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If something bad goes down (state-wide or nationwide), what frequencies should I be tuning into?

I did see this answer, but I have a BaoFeng UV-82HP which cannot do HF at all, so what are my options?

Related question: if I wanted to hop on the radio and get in touch with someone during an emergency, what frequencies should I be aware of?

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If something bad goes down (state-wide or nationwide), what frequencies should I be tuning into?

Broadcast radio! Obviously, if your emergency services tried to let a lot of people know something is wrong, they'd do that on a frequency that most people actually have a receiver for.

For emergency communications (i.e. you want to actually transmit), things are a bit different:

  1. It's usually a good idea to keep the spectrum clean while distress communications are going on
  2. If you're on a maritime vessel, 156.8 MHz would be where you listen or set off distress/urgency signals
  3. I think in most countries channels designated as Simplex communications channel used in the default mode for that band are the optimal choice.
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The most important frequencies to have programmed into your VHF/UHF radio would be the VHF simplex calling frequency, and the frequencies of the more important local repeaters, especially the ones that have emergency power such as solar panels. BaoFeng radios are notoriously difficult to program channels into using the front panel buttons. There is software available, CHIRP being the most notable example, that can make programming the radio much easier. Your local ham club can help you program the radio.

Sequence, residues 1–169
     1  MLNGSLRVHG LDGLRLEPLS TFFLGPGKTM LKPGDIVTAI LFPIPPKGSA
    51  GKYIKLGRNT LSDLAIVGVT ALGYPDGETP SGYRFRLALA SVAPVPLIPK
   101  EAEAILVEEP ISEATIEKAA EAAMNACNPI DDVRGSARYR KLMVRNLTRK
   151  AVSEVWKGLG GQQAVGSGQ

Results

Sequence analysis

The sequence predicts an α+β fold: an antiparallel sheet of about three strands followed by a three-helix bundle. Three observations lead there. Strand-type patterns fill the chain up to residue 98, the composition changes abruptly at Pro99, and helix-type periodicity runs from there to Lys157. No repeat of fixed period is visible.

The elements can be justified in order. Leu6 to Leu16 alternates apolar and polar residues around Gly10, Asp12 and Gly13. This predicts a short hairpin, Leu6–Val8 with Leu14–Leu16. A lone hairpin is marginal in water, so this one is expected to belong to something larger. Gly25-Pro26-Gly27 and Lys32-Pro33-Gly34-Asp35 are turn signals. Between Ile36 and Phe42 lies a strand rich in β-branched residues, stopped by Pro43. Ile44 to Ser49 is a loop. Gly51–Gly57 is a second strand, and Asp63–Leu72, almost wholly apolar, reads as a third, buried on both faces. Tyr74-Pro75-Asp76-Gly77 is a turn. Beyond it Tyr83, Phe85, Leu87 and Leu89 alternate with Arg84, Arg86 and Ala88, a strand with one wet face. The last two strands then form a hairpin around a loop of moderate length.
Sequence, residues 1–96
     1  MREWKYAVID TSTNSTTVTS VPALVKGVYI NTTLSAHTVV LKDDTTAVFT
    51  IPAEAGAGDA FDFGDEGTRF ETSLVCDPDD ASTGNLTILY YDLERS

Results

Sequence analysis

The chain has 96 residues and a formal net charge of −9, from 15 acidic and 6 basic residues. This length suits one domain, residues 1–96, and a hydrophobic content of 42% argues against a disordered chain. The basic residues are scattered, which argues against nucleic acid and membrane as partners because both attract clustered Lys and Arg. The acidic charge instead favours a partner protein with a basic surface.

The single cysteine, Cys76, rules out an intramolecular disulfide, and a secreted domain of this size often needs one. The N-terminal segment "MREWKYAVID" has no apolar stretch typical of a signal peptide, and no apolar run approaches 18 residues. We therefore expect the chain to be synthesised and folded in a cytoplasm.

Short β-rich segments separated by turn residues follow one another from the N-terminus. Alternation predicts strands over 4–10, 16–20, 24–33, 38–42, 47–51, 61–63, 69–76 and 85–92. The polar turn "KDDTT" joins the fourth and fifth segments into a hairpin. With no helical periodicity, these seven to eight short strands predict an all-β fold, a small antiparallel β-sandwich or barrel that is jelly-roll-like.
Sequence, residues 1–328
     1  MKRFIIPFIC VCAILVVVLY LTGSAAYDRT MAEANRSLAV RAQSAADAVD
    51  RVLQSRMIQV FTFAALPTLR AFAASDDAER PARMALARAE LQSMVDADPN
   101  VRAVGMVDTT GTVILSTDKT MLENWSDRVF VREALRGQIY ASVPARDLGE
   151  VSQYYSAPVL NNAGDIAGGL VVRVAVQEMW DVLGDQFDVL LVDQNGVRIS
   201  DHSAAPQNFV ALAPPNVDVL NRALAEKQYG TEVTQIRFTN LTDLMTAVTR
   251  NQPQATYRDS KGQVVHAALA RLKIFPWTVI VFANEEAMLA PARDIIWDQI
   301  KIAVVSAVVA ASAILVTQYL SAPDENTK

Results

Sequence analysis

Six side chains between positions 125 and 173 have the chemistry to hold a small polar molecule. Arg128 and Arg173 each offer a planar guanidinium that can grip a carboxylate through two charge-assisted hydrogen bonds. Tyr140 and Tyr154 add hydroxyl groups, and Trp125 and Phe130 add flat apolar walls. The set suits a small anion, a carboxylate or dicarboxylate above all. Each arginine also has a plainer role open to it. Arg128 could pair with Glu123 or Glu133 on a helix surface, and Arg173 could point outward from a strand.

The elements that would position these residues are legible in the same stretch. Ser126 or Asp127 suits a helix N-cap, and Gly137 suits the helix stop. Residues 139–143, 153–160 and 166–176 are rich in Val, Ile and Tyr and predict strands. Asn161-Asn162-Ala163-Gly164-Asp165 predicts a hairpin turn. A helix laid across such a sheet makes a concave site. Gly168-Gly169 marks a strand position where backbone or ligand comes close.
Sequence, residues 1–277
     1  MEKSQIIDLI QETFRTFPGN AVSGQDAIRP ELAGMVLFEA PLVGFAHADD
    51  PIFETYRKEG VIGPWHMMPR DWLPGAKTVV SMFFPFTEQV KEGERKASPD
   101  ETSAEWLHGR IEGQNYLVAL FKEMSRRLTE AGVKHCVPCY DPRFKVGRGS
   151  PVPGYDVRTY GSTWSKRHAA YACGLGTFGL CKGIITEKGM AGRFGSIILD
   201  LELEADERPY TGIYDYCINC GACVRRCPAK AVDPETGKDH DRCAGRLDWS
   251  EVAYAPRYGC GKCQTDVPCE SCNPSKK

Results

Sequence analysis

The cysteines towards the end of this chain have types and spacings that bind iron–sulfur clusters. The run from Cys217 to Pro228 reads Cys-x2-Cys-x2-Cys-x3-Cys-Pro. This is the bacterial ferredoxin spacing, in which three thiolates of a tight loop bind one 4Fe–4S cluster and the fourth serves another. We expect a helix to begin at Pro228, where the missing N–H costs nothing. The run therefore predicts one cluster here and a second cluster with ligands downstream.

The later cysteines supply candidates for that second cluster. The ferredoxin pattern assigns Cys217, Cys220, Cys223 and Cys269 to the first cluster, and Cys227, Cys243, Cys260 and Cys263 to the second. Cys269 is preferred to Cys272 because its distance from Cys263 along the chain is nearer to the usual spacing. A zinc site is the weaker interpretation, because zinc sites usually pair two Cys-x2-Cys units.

If you don't have a ham license, then I can't recommend enough that you get your license and get on the radio and make contacts, enough that you are familiar with the radio and its features, and how to use a repeater or simplex frequency efficiently, and how to make a contact in an emergency situation (on both the end needing help, and the end rendering assistance).

In the last decade or so, inexpensive ham radio HTs ("handheld transceivers", aka walkie-talkies) have been available online from sites that don't worry about whether or not the customer has a license. Millions of such radios have been bought by non-hams and people who got their licenses but never practiced using the radios. The problem is that in a big emergency, big enough that the telephone network and the internet are down, then repeaters and the usual simplex frequencies could be swamped by panicky people who don't know what they're doing. When that happens, the repeaters handling emergency traffic will probably be forced to switch frequencies, CTCSS tones, or DCS codes, and those not knowing how to reprogram their radios will be ignored.

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